Earthworms are keystone animals among the soil fauna – they help to build and renew the soil environment that other soil life needs.
This activity will provide useful data to help link different types of earthworms to soil health, and help show us what we can do to help keep our soil and our earthworms happy.
Not all earthworms are the same! We have 28 different species of earthworm in the UK, and different worms do different jobs. Telling species apart is very difficult with live specimens, but luckily earthworms come naturally colour-coded into 4 easy groups that reflect their jobs.
In this activity we’ll discover which types of earthworms are found in soil that is treated in different ways and generate some data to explore how earthworms relate to soil health.
You will need:
• At least 2 places where you don’t mind digging out a spadeful of soil
• 1 standard width spade (about 17 cm / 7” wide)
• A large tray or sheet of polythene to sort the soil on – a large rubble sack is good
• A kneeler (soft pad)
• Gloves (unless you’re happy getting your hands dirty!)
• A survey form for each spadeful – print out a paper version from here (
) or use this online form
• A pen or pencil for paper forms.
• A little water to moisten the soil.
• A place to wash your hands.
Health and Safety!
• Let others know where you are and what you’re doing.
• Make sure that where you’re digging is safe (beware traffic, steep slopes, falling branches, machinery, animals, dung, broken glass, thorns, poisonous fungi, stinging insects, etc.)
• Keep your back straight when digging, and get help if you need it.
• Use a kneeler, or find somewhere else comfortable to work – take a break if you get tired.
• Cover any cuts on your hands and use gloves if needed.
• Keep dirty hands away from your face, and wash them as soon as possible after the activity.
What to do:
• Select your two locations where it is safe (see above!) and where you have permission to dig the soil.
o These should be different from each other in terms of how often the soil is disturbed, the amount of surface vegetation or leaf litter, or whether compost or manure has been added to the soil recently.
o These can be farm fields, vegetable beds, gardens, lawns (if you don’t mind making a hole!) or anywhere where there’s soil.
• At each location, select a spot randomly, and put down your plastic tray/sheet nearby.
• Note the soil and surface characteristics and, if known, management history of the spot of soil you’ve chosen on the form overleaf.
• Cut out a square of soil approximately 15 cm (6") deep (one spade cut on each side) and lever out the soil block, as intact as possible and place on the tray / sheet.
• Check the base and sides of the hole for any earthworms, and collect them if present.
• Put the kneeler down nest to the sheet and get comfortable.
• Rest the block of soil on its side and pull it apart so it folds open like a book.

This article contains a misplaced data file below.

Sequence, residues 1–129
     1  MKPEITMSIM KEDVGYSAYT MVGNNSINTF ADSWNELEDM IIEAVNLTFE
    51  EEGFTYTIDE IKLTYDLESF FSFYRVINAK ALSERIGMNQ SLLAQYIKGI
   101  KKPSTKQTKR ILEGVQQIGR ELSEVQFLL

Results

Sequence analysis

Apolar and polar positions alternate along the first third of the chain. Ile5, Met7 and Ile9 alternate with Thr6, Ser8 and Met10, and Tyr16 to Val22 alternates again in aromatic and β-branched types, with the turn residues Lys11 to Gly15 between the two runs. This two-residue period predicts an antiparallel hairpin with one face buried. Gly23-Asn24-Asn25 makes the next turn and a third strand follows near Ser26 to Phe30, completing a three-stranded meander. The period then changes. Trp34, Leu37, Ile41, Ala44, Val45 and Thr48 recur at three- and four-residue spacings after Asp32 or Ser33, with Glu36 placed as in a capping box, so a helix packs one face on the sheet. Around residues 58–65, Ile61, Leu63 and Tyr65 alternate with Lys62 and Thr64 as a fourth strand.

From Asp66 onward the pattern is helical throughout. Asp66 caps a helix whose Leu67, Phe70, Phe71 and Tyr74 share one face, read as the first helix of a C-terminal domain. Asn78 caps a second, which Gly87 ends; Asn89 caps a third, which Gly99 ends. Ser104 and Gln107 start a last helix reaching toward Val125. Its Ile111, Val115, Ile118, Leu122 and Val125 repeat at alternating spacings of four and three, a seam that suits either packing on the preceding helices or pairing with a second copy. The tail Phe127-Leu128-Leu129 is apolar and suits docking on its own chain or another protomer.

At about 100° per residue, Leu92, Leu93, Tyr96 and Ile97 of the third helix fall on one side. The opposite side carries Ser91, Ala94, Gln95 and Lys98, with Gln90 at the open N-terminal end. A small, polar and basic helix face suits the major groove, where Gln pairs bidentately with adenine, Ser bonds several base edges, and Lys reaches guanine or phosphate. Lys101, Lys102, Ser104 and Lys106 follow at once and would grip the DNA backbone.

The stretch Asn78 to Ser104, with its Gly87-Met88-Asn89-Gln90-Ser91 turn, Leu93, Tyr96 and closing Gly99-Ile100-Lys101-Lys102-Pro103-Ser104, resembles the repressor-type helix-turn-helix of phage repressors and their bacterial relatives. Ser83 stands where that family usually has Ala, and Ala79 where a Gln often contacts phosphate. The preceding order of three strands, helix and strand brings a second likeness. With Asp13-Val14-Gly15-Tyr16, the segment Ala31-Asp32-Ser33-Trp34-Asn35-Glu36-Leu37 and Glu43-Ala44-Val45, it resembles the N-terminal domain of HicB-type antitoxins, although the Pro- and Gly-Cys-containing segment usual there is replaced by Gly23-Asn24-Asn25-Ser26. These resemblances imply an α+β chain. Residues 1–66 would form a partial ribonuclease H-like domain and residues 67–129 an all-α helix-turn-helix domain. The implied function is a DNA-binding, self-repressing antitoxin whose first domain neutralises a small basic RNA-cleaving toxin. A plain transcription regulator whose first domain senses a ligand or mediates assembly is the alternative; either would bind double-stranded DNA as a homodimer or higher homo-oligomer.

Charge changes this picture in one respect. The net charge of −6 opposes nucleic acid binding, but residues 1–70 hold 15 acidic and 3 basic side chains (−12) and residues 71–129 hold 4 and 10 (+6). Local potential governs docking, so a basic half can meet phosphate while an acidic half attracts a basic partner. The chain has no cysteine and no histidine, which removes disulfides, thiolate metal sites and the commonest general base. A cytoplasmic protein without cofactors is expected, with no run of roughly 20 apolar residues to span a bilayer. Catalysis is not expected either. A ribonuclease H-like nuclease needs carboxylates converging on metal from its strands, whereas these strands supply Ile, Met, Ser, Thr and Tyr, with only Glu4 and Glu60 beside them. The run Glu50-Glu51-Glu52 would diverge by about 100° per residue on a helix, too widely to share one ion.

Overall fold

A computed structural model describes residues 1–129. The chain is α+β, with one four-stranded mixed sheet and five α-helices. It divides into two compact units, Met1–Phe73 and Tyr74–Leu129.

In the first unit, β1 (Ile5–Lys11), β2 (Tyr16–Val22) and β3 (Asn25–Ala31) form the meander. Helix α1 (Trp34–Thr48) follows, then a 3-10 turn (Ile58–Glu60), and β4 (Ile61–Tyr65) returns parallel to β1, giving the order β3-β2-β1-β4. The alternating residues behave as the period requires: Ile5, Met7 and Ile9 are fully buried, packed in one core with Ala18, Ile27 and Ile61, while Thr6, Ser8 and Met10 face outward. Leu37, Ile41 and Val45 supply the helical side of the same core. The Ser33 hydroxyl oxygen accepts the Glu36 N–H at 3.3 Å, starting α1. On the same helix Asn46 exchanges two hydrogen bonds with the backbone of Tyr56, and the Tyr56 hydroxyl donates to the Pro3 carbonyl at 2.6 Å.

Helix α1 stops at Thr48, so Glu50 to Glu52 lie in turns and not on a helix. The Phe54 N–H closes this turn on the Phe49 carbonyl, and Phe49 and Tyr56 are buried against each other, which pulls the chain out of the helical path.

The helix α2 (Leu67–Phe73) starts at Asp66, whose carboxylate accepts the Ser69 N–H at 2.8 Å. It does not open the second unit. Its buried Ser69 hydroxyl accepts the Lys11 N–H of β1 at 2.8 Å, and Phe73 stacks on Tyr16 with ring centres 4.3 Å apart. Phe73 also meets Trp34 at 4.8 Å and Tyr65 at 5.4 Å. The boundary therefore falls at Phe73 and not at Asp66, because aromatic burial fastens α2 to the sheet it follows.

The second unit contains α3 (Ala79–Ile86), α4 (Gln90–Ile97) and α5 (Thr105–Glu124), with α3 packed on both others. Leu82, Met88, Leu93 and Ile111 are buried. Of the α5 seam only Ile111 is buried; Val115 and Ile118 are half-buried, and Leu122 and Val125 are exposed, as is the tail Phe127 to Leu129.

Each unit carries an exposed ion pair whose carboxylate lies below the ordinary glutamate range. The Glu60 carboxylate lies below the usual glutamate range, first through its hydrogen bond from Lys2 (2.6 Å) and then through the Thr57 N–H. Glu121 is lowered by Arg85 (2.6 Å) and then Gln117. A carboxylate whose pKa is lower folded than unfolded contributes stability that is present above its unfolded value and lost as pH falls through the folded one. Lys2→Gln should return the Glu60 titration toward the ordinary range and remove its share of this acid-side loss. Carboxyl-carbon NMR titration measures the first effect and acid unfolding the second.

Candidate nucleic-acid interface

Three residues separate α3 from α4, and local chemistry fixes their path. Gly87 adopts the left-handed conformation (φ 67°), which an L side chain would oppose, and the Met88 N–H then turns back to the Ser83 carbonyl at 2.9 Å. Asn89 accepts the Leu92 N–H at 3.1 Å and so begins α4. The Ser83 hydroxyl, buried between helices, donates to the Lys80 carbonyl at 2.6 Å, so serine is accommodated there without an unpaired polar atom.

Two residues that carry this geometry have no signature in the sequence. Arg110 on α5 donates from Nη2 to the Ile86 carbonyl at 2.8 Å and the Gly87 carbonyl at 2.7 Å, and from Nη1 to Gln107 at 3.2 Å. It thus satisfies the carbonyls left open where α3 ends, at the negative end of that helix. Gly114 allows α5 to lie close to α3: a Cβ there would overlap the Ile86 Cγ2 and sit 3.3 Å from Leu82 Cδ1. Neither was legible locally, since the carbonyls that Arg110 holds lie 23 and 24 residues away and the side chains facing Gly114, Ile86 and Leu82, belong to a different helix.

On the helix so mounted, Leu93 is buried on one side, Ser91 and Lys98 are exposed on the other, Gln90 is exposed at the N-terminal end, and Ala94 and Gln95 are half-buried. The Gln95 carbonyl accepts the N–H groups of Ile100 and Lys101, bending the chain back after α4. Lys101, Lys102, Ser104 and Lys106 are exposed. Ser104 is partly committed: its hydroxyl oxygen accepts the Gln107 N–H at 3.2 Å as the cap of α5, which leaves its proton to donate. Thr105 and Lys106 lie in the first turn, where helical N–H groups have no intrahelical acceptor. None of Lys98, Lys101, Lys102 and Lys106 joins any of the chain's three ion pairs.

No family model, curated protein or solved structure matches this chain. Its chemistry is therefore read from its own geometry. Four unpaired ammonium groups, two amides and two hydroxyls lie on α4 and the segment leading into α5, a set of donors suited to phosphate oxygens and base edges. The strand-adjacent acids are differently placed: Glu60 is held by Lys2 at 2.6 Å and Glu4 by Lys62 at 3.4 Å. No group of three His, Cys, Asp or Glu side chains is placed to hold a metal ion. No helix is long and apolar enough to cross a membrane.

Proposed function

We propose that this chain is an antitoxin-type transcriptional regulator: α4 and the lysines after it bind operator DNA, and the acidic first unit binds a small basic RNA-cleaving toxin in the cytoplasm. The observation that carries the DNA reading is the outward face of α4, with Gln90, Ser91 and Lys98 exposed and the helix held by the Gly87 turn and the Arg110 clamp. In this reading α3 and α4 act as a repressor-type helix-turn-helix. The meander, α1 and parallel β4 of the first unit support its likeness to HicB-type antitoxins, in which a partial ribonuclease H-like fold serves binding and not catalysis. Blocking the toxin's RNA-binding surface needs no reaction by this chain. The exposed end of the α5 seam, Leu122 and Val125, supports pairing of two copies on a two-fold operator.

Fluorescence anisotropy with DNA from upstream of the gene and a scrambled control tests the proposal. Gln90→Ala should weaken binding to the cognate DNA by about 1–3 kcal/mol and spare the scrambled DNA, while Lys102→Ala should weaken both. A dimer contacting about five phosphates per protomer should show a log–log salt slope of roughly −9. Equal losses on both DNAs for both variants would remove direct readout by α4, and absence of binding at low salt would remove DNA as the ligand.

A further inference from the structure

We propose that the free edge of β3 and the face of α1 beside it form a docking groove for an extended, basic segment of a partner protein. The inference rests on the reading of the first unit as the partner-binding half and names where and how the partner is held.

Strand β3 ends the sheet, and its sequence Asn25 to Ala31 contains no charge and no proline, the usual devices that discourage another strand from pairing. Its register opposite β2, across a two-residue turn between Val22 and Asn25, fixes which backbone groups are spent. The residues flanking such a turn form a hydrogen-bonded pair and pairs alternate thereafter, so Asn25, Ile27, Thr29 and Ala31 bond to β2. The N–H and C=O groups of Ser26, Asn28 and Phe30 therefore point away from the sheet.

• Look at the soil structure inside the soil block and match it to a description on the form
• Make a bit of the soil wet, squeeze it between your fingers and use the form to note how it feels.
• Carefully sort through the block of soil, including amongst any litter and surface vegetation (there may be lots among the roots!), and match each earthworm you find to one of the 4 types using the guide provided.
• Keep a tally of how many earthworms you find of each of the 4 kinds on the form.
• Release the earthworms as you count them and put the soil back in the hole when you’ve finished.
• Wash your hands thoroughly.
• Submit your results (even if you found no earthworms!) using this online form or e-mail a photo or scan of your survey form to
The data will be combined nationally to explore the relationship between surface features, land management, soil condition and texture and the abundance of the different types of earthworms. Results will be shared through the Soil Biodiversity UK Facebook group here
Your name (leave blank if you like!)
Location of soil sample (lat/long, grid reference, postcode)
Surface features (please tick all that apply)
Leaf litter (including crop residues)
Dead Wood (including wood or bark chips)
Dense plants (no soil visible)
Sparse plants (eg. bare soil between crops or plants)
Inert covering (eg. stones, slabs, gravel, geotextile etc.)
Recent Management (during last 3 years) - tick all that apply.
Dug or ploughed
Slurry or digestate added
Soil feels... (tick all that apply)
Opened out block of soil... (tick one only)
...is mostly made of small (<1 cm) rounded crumbs with lots of air spaces between
...has some small crumbs near the surface but is mostly made of bigger blocks
...is all made of bigger blocks
...is like one solid block
...fell apart, but had no rounded crumbs.
Deep Burrowers: Number of earthworms with dark reddish brown heads and pale pink tails. Usually larger worms.
Soil Dwellers: Number of earthworms that are all pale, with bands of pink, greyish, whitish, bluish or greenish colours, sometimes with yellow bands/tails. Small or large worms.
Surface Dwellers: Number of earthworms that are solidly deep reddish or brownish from head to tail (ignore the "saddle" colour - these may have pale undersides!). Small worms.
Compost Worms: Number of earthworms that are striped down whole body with regular reddish bands and paler space between, visible especially when moving (usually in compost heaps). Medium or small worms.
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